Plight of Sri Lanka’s displaced people
The plight of Sri Lanka’s displaced people whether from the 22-year long ethnic conflict, the tsunami or floods is indeed pathetic. There have been people who have been spending years on the move or living in refugee camps.
Muslims resident in the Tamil-dominated northern region were chased away from their homes by rebels in an exercise widely acknowledged as ethnic cleansing in October 1990. Since then they have been staying in temporary shelters in the northwest town of Puttalam for more than 15 years, also running the risk of losing their lands in Jaffna since by law if a land is unused for 10 years, the state can acquire it or someone will squat on it. It is in this context that a new report by donors including the UN agencies calling for land to be given to all the displaced irrespective of the kind of displacement is welcome move and needs all the support it can get.
The IDP (Internally Displaced People) Working Group in Sri Lanka is urging the government and all the stakeholders involved in post-tsunami work, that there is a need to provide the same basic rights to the displaced whether they are from the tsunami or affected by years of conflict.
The report on “The internally displaced in Sri Lanka — Discussion paper on Equity,” was initiated and compiled by CARE International, Christian Aid, Jaffna Social Action Centre, among others. Case studies were done in four areas — tsunami-affected IDPs living in transitional homes in southern Tangalle: refugees at the Puttalam welfare centre who were displaced from northern Jafffna in 1990; residents who were affected by both the conflict and the tsunami and living in Manalkadu Welfare Centre in Jaffna; and displaced people living with host families.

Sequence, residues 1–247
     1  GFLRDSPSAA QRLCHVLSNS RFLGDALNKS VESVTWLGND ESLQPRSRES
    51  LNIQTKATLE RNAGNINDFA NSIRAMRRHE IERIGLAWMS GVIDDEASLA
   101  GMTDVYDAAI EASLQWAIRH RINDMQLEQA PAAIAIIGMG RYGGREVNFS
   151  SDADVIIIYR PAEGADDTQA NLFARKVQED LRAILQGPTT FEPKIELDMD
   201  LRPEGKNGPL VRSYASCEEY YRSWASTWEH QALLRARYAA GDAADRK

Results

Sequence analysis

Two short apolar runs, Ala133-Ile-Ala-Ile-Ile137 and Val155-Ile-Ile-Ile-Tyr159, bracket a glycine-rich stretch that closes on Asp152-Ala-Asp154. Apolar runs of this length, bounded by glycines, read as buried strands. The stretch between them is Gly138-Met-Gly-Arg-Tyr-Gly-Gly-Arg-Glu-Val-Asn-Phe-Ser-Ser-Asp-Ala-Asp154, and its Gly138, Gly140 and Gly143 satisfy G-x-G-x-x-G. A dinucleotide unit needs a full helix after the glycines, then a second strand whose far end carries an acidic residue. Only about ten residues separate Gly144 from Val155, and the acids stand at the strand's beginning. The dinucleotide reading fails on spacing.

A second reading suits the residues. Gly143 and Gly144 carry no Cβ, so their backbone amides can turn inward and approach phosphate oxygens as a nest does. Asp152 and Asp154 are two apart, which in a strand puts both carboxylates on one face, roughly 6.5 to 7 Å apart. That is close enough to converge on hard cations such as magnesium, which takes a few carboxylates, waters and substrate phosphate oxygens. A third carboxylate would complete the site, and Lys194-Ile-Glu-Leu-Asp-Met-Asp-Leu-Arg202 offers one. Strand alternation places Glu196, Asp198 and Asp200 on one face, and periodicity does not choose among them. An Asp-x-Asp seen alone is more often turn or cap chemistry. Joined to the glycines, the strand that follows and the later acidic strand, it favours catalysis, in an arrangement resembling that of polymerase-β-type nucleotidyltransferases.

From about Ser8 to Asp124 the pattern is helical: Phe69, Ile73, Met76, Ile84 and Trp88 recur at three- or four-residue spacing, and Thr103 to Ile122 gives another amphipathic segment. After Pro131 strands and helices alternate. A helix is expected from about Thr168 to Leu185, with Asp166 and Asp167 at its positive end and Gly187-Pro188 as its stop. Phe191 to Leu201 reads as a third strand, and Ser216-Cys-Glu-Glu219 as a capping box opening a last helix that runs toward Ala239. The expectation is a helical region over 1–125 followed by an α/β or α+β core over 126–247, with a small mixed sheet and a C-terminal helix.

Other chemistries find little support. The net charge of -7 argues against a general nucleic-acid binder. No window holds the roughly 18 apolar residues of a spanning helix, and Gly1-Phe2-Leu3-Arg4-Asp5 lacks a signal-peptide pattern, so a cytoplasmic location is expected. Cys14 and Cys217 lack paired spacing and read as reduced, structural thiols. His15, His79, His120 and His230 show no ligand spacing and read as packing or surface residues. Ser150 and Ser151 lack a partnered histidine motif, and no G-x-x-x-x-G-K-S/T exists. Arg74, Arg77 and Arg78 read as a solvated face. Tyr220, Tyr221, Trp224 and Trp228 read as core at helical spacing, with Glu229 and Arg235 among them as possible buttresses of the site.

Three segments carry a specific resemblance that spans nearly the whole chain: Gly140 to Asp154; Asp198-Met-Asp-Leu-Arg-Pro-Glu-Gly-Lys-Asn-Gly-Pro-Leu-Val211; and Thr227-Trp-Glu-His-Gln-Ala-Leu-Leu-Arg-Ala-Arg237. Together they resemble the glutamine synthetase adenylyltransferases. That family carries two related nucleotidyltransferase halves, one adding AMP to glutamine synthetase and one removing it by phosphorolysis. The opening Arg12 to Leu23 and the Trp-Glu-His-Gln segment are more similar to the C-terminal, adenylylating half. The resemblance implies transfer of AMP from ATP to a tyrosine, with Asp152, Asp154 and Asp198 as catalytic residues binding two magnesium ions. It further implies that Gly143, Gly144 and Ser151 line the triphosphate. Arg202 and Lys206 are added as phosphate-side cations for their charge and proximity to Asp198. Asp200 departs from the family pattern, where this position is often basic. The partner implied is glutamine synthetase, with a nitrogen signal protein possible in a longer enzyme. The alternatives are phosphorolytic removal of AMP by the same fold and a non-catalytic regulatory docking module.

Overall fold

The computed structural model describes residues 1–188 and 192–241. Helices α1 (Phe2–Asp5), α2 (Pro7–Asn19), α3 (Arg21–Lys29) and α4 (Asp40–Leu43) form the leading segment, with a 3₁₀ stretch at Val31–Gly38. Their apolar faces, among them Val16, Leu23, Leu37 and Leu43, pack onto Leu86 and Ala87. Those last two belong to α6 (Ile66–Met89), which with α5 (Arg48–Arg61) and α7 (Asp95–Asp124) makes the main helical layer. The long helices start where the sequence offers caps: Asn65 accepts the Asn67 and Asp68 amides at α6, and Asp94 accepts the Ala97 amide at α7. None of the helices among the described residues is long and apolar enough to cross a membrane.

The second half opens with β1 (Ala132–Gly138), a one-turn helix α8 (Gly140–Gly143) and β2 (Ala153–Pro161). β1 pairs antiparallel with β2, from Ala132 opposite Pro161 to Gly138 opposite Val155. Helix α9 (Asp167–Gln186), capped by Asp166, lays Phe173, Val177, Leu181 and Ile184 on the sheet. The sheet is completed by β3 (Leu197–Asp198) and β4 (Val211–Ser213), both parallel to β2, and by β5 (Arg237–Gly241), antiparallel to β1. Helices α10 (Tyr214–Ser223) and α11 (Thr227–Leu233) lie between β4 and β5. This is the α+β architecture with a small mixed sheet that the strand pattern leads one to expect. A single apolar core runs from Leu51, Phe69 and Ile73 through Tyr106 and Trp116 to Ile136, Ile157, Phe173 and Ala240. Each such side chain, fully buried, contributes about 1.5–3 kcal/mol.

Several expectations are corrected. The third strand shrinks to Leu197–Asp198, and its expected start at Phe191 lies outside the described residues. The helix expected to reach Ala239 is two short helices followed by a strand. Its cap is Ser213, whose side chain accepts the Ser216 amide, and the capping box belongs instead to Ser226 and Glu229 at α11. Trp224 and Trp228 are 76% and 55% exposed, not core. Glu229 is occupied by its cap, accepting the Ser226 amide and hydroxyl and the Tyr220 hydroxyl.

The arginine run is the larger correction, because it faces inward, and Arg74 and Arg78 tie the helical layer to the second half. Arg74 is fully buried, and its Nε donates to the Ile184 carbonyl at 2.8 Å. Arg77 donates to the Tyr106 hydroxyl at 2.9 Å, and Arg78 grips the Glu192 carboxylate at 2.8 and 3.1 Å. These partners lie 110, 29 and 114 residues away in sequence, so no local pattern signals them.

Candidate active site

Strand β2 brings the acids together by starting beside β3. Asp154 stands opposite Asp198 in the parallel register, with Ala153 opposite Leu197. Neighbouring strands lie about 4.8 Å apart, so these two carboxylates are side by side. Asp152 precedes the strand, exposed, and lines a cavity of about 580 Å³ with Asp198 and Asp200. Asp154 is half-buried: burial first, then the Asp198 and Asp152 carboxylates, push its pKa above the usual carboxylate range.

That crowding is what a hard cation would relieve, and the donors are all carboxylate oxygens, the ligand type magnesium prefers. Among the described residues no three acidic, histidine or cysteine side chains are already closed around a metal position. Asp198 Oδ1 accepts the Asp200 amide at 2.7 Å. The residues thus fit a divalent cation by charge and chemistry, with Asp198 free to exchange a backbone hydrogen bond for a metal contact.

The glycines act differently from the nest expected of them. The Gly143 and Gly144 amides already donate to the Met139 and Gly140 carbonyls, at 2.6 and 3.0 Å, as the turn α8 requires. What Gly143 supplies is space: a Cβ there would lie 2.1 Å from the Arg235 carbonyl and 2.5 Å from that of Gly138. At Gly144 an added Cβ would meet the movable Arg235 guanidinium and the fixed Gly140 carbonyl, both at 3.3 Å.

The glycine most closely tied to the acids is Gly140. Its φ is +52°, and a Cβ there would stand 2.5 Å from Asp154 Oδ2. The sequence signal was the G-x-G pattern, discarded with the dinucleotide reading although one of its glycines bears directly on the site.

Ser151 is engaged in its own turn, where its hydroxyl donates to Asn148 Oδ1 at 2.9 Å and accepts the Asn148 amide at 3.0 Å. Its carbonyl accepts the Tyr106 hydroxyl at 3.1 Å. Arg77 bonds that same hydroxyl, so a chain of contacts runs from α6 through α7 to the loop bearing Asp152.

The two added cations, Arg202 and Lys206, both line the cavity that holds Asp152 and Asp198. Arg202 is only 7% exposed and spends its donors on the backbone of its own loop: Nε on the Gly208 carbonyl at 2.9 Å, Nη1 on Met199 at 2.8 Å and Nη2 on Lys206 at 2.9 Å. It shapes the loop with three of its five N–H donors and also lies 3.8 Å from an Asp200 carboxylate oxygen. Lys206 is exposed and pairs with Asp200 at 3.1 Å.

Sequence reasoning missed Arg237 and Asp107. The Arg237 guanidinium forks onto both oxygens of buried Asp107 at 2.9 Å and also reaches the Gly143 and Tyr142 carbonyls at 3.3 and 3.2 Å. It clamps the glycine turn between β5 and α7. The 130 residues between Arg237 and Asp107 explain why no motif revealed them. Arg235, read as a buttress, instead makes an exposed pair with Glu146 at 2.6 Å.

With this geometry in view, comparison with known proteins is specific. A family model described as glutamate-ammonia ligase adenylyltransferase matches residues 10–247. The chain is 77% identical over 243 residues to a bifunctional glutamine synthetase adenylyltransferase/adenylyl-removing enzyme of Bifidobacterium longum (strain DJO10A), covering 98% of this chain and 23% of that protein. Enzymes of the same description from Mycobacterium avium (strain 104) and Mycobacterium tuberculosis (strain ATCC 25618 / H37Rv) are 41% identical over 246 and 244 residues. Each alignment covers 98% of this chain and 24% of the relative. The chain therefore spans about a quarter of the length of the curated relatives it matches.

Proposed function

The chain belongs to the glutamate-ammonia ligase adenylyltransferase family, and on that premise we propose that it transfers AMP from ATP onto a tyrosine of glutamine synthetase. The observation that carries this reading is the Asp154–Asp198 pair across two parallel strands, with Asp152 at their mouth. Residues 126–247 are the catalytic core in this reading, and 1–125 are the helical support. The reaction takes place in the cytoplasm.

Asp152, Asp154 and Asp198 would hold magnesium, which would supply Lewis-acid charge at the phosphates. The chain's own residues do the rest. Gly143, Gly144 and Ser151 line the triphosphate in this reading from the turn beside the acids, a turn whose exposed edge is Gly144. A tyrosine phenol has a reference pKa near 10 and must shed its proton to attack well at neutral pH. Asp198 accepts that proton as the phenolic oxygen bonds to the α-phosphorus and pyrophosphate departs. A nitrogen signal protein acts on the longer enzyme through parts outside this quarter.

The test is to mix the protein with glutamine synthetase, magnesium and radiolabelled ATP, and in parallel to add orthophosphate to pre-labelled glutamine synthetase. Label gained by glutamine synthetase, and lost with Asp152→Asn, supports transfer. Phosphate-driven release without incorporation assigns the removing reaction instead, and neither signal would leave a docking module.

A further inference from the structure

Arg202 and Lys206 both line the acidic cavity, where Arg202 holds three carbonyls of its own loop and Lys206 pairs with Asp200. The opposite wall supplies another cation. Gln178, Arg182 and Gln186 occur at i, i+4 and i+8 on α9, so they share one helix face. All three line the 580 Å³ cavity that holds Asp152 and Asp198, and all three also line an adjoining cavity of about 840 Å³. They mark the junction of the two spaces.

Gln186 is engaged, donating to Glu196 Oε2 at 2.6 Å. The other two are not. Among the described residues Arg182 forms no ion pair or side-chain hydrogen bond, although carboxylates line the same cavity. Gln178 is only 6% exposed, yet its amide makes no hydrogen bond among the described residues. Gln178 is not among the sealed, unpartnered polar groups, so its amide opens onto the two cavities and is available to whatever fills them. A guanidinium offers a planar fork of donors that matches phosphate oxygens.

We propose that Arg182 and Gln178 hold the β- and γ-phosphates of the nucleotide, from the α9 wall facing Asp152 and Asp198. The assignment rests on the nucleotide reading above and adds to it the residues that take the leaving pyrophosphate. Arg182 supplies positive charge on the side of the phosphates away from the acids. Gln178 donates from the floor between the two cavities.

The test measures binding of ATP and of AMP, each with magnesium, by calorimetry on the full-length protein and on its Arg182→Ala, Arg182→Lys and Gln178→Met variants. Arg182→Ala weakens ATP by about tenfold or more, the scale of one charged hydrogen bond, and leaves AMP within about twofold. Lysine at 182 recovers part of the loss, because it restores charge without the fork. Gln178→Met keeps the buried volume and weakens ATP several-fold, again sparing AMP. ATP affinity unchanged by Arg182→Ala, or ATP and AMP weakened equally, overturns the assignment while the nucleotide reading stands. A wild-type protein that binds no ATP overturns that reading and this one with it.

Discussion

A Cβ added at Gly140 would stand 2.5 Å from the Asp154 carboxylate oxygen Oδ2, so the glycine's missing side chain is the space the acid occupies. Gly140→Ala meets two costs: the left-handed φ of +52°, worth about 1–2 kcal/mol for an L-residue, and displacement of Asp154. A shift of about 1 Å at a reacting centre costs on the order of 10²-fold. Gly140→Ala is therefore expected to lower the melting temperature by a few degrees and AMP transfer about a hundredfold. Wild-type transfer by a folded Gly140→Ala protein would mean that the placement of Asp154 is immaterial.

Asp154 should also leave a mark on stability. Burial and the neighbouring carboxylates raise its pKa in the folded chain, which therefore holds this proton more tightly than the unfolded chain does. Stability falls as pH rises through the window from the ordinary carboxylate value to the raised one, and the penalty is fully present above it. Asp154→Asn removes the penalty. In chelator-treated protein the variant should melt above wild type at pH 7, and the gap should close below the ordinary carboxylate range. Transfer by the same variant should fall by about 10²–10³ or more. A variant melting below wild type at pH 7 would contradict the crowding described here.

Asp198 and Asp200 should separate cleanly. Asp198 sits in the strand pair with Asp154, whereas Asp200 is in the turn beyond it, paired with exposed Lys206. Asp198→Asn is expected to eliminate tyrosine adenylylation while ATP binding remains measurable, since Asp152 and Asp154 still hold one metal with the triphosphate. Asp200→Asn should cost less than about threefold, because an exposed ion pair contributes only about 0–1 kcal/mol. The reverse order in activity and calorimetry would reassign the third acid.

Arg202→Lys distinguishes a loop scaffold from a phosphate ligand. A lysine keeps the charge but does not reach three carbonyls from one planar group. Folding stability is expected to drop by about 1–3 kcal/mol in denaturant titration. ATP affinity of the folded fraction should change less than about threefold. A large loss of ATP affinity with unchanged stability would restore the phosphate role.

The first study shows that while the tsunami-displaced continue to face difficulties, particularly in terms of access to livelihoods, they appear to have received a fair amount of assistance to date. The second study shows that these people continue to live in unsatisfactory temporary shelters, some 15 years after their displacement. While they have access to medical and educational facilities, they lack access to adequate water.
The third set of victims “double affected” by both the conflict and tsunami face poor living conditions in the crowded, exposed and hot environment of the welfare centre. While they have access to medical and educational facilities, there is little livelihood assistance. The fourth study found that the victims have been neglected in terms of assistance programmes. The surveyed population lacked adequate access to medical and educational facilities, they fail to benefit from the same assistance programmes as more visible IDPs, and they have yet to receive any meaningful housing or livelihood help.
The report said that while this is not a representative sample, these case studies indicate that IDP populations in Sri Lanka have not been treated uniformly or equitably. It suggested that the government and all other authorities should adopt a holistic approach that takes the needs of all IDPs into account, with a focus of finding long-term solutions to end their displacement.
Samath, a freelancer, wri-tes for THT from Colombo